KeptBook - 2007
In the aftermath of a failed landowner's accidental death, his fragile young widow struggles to survive, his naturalist friend keeps a series of unusual pets, and an enigmatic debt collector plots an audacious robbery.
Madness, greed, love, obsession, Machiavellian plotting, and a great train robbery, in a captivating Victorian mystery about the extreme and curious things men do to get—and keep—what they want
August 1863. Henry Ireland, a failed landowner, dies unexpectedly in a riding accident, leaving a highly strung young widow. Not far away lives Ireland's friend James Dixey, a celebrated naturalist who collects strange trophies—a stuffed bear, a pet mouse, and a wolf that he keeps caged in the grounds of his decaying house, lost in the fog on the edge of the fens.
The poachers, Dewar and Dunbar, with their cargo of pilfered eggs; Esther the observant kitchen maid, pining to be reunited with her vanished admirer; the ancient lawyer Mr. Crabbe, made careless by snobbery; John Carstairs, in search of his cousin, the elusive widow; an enigmatic debt-collector, busily plotting an audacious robbery; various lowlife henchmen; a beady-eyed country curate who sees more than he should; and Captain McTurk of Scotland Yard, patiently investigating the circumstances of Mr. Ireland's death and many other things besides—all are drawn into a net of intrigue with wide and sinister implications.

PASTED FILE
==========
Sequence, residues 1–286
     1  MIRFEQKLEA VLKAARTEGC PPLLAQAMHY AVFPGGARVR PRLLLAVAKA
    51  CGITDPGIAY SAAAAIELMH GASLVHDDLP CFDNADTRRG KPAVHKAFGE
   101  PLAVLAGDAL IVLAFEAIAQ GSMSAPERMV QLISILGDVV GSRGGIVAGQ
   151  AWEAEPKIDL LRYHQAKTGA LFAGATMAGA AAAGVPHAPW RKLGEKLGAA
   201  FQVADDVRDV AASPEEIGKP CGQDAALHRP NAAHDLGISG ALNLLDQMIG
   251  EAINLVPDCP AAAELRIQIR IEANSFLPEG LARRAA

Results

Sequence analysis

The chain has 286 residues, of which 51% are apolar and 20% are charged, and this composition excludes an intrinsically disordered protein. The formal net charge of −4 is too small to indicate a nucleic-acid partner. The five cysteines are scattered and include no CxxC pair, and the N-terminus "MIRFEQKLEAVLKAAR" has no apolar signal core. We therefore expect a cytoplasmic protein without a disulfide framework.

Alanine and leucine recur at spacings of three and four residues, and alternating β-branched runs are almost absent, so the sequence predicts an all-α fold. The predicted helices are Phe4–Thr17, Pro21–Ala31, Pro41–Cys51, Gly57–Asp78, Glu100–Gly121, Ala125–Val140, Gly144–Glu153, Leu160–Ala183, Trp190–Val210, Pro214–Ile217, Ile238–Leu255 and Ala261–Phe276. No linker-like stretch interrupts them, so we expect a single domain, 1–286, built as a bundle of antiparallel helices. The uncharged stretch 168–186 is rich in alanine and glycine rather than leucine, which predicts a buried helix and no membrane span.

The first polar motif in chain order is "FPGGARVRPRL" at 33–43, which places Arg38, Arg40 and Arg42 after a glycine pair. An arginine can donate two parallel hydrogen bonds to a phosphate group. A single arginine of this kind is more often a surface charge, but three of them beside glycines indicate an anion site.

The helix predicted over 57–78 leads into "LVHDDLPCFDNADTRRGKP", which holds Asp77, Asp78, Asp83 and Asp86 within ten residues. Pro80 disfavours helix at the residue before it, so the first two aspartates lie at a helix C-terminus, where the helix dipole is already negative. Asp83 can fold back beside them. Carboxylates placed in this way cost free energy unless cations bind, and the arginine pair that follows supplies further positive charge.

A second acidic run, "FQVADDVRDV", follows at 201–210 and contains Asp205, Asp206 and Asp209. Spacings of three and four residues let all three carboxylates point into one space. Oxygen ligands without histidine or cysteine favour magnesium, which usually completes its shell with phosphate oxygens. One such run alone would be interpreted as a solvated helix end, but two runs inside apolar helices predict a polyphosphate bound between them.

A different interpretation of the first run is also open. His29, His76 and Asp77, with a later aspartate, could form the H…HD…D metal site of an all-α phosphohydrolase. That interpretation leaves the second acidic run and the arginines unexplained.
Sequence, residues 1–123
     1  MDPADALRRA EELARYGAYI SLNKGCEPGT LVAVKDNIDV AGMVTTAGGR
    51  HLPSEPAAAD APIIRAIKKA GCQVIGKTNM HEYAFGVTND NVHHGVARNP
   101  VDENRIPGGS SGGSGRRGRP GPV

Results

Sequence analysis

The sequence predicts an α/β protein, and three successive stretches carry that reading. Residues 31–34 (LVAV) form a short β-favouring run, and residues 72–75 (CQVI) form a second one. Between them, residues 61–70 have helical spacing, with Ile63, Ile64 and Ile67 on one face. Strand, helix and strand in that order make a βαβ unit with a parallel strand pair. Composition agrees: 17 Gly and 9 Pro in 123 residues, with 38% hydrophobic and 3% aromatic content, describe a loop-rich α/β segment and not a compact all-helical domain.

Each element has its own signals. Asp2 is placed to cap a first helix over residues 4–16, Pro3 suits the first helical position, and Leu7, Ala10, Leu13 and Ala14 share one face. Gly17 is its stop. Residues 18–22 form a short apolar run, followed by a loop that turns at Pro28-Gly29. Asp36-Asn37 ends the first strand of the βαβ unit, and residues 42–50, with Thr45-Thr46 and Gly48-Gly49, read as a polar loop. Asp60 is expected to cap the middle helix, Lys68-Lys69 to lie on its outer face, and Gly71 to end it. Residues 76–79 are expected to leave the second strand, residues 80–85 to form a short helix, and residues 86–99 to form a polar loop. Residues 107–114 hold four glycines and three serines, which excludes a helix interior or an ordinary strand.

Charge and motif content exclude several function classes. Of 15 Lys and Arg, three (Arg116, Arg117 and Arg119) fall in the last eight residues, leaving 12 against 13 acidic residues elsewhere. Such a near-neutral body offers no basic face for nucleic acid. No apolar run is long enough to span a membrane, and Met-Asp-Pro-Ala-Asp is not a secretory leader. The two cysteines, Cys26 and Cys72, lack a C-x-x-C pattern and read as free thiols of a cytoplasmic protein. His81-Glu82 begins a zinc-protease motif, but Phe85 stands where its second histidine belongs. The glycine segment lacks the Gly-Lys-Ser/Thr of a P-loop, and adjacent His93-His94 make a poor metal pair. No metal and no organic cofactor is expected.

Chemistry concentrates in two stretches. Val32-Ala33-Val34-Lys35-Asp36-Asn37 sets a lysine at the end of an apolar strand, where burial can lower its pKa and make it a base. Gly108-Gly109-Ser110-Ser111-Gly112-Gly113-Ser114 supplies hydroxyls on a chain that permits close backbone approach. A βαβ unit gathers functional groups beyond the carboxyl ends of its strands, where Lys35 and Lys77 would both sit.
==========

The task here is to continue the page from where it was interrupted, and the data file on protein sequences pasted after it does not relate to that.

Ranging from the loch-sides of Scotland to the slums of Clerkenwell, from the gentlemen's clubs of St. James's to the Yukon wilds, Kept is a gorgeously intricate novel about the urge to possess, at once a gripping investigation of some of the secret chambers of the human heart and a dazzling reinvention of Victorian life and passions.
In the aftermath of a failed landowner's accidental death, his fragile young widow struggles to survive, his naturalist friend keeps a series of unusual pets, and an enigmatic debt collector plots an audacious robbery. By the Whitbread Biography of the Year award-winning author of Orwell: The Life.